“Soft gamification solves no quantifiable problems; instead, it poses questions. It merely takes an activity/situation, and ADDS DEGREES OF FREEDOM such that it is more malleable (more PLAYED, more of a game).”

Kanaga discusses the same idea in a different way in a talk at GDC 2014 which is every bit as brilliant as the aforementioned ludic century post. Using music theory as a lens for understanding games, at one point he introduces flux dogma: “allow all constants to become variables”.

Tweet by Heather Kelley quoting David Kanaga at GDC 2014

Flux dogma is best explained through examples. Kanaga himself is fond of using Infinite Sketchpad. In this case, the constant that is the traditional drawing canvas is made variable.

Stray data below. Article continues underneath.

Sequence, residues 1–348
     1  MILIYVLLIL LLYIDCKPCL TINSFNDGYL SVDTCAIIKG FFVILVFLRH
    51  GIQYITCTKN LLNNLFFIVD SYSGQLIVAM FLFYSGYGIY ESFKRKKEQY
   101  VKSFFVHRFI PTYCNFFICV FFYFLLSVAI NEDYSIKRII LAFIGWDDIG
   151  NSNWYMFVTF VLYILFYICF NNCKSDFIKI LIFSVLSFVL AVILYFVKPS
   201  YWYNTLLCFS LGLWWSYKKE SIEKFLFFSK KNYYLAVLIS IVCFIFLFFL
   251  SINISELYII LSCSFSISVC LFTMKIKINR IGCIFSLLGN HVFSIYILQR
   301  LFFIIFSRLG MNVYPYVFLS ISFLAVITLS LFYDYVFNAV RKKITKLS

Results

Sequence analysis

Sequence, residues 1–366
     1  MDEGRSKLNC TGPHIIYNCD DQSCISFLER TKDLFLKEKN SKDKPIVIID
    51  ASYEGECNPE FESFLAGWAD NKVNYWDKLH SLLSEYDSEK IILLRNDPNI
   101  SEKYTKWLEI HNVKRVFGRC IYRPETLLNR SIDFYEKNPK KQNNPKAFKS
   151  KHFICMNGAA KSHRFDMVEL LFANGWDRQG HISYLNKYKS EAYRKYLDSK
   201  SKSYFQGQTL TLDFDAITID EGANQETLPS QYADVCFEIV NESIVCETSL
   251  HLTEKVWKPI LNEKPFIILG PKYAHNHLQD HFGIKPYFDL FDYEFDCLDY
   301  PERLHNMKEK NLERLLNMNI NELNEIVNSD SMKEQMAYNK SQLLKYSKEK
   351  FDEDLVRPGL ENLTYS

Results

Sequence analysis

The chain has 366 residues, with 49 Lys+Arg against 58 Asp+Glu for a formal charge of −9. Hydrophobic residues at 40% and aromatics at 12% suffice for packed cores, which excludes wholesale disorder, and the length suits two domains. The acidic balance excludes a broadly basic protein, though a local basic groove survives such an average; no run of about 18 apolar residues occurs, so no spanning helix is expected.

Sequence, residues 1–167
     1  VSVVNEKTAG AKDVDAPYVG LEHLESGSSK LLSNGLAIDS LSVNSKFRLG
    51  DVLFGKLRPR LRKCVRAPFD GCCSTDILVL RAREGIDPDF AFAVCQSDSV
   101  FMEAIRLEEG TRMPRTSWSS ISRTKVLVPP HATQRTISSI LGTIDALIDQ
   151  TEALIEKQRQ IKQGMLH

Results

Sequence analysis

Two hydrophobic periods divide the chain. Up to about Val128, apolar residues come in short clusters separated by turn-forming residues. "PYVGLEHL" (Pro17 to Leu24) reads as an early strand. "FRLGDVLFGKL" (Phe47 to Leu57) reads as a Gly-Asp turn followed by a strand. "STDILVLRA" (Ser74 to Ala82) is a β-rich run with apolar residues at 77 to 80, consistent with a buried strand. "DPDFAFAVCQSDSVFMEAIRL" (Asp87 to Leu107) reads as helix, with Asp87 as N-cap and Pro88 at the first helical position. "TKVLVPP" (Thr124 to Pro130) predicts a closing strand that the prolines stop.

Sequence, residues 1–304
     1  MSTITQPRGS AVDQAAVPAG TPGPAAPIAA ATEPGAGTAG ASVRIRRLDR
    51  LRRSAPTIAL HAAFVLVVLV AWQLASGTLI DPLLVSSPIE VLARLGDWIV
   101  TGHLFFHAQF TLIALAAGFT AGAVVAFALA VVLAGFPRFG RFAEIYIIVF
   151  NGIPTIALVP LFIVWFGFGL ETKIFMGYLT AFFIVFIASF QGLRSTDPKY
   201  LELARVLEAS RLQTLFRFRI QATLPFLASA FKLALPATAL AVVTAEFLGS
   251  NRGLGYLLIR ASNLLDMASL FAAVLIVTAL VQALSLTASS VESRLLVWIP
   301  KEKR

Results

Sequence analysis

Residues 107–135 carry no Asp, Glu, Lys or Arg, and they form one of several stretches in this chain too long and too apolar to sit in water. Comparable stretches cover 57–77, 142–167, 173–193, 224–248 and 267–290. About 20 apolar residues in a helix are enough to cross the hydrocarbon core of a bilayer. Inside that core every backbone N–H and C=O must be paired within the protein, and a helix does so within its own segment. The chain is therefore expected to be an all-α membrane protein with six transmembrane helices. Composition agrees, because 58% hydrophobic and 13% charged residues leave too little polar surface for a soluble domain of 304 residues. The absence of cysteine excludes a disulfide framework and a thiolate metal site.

Playing with Infinite Sketchpad

A less obvious example is Proteus, for which Kanaga created all the sound and music. In this “wildlife simulator” the player roams a procedurally generated island. Every piece of scenery she encounters has sound attached to it, in a non-binary way. Meanwhile with the passage of time the island continuously changes. There is a day/night cycle and a passing of seasons. Kanaga offers “shifting possibility space” as a definition of what a game is. Proteus fully embodies this.


This idea of adding degrees of freedom connects to Pedercini’s resistance to measurable change as a way of institutional reform. Behaviour design often happens at the individual level. But true change also requires intervention at higher levels of abstraction. It is here that adding degrees of freedom is of most importance.

Two further examples of shifting possibility spaces, before I conclude with a note on ethics.